As women and children are most severely affected by the adverse health impacts of cooking on traditional stoves they are the ones benefiting most if the household decide to invest in a new cook stove. In many cases though it is men who decide on new investments for the household and smoke in the kitchen or long cooking hours may not be a valid reason for making a new investment. Therefore engaging men and raising awareness of especially the economical benefits of this new technology was an important part of the project.

 

The stove design was developed in collaboration with the users and artisans to make sure the improved stove design complied with local cooking practises and consumer needs. The final stove design was a result of various optimisation, testing and user acceptance phases in order to better target the demand of the consumer groups.

 

Achieving Co-Benefits


While the stoves reduce greenhouse gas emissions and decrease deforestation, they also provide co-benefits to users and families in the form of relief from high fuel costs, reduced exposure to health-damaging airborne pollutants, faster cooking (resulting in time-savings), and increased cleanliness and convenience. User surveys show that food cooks more quickly. Women save about 30 minutes per day, which they use mainly for family time and relaxation.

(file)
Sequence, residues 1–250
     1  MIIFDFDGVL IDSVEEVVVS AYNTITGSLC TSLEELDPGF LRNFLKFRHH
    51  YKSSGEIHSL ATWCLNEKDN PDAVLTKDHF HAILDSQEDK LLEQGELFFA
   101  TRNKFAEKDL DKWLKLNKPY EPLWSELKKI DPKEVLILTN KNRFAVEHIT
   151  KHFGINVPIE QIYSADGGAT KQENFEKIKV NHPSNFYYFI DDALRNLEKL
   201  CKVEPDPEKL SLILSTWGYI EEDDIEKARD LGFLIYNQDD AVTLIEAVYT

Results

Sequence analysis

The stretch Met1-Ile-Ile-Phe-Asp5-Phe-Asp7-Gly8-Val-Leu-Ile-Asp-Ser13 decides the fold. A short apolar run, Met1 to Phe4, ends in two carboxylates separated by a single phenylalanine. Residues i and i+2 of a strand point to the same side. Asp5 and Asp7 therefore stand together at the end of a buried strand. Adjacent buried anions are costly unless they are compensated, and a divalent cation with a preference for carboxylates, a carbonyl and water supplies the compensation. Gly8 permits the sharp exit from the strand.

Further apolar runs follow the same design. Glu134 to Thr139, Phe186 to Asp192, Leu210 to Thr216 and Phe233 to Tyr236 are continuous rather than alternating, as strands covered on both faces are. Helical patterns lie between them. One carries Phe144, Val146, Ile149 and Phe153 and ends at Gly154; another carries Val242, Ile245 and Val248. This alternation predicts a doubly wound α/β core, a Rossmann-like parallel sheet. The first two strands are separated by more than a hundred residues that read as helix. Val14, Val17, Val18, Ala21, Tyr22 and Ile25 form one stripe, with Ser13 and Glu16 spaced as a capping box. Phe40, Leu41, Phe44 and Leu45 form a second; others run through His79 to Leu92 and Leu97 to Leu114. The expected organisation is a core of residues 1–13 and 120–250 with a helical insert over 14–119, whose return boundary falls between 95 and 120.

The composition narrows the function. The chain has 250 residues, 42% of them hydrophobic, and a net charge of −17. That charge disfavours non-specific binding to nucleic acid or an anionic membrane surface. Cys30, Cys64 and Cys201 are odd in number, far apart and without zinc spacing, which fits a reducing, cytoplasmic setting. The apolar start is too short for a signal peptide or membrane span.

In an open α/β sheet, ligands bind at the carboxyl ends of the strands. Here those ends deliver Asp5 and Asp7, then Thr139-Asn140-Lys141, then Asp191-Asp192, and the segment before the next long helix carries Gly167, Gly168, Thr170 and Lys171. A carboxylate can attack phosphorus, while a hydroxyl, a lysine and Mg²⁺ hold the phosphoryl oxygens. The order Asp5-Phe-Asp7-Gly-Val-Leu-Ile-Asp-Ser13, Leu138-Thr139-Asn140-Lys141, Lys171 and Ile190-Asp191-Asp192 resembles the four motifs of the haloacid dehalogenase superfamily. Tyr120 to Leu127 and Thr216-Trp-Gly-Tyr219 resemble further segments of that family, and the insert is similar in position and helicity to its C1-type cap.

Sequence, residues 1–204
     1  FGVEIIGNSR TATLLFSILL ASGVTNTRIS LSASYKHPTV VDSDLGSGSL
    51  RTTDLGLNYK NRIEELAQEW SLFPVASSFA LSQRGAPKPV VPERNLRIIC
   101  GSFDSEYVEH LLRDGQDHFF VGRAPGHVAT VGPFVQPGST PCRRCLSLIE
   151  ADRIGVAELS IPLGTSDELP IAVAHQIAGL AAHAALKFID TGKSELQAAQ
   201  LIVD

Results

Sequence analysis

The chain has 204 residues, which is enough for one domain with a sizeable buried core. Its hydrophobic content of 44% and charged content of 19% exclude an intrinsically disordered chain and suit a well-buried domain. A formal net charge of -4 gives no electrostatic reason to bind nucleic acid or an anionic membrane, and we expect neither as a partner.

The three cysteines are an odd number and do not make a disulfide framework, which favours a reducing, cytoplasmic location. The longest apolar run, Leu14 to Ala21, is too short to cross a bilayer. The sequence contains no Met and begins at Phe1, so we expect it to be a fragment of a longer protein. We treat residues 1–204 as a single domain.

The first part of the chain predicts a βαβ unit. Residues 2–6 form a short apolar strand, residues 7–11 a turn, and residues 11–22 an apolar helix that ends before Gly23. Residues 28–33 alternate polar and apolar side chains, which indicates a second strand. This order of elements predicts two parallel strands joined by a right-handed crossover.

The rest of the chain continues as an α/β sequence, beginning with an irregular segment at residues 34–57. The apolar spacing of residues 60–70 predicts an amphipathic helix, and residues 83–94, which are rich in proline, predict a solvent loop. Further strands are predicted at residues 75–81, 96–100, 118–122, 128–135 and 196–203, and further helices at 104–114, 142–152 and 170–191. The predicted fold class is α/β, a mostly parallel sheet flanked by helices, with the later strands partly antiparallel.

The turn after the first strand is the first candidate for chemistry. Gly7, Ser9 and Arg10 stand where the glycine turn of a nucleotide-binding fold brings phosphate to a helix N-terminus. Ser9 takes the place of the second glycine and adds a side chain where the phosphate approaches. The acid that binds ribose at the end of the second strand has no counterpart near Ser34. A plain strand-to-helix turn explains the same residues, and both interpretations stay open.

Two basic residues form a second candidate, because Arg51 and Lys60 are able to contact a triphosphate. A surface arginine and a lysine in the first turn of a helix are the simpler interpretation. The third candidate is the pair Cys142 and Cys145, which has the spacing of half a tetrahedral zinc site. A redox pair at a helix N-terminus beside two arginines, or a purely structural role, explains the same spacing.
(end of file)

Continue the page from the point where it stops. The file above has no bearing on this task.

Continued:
The heat retention of the liner means that food keeps warm for longer, and the insulated stove base can be used like an oven for roasting vegetables while a pot cooks on the top. Burns are reduced by over 90% and the person cooking does not get so hot. Health surveys show reduced incidence of eye irritation, shortage of breath and coughing.

 

User surveys in 2010 showed that households with Coalpots spent about GHC 160/year on charcoal compared with their pre-Coalpot expense of GHC 200/year. This saving of GHC 40 (US$27) per year is significant for households with cash incomes that are typically about GHC 1,200 (US$800) per year. It means that the cost of buying a Coalpot can be recovered from savings in charcoal within three to four months. Furthermore income is generated within the supply chain, with traders and agents earning about 10% of the retail price on each sale.

 

Affordability and Technical Issues


Toyola gives up to two months credit to its direct customers, and also to its dealers and
sales agents who can pass the credit on to their customers. 75% of customers use credit,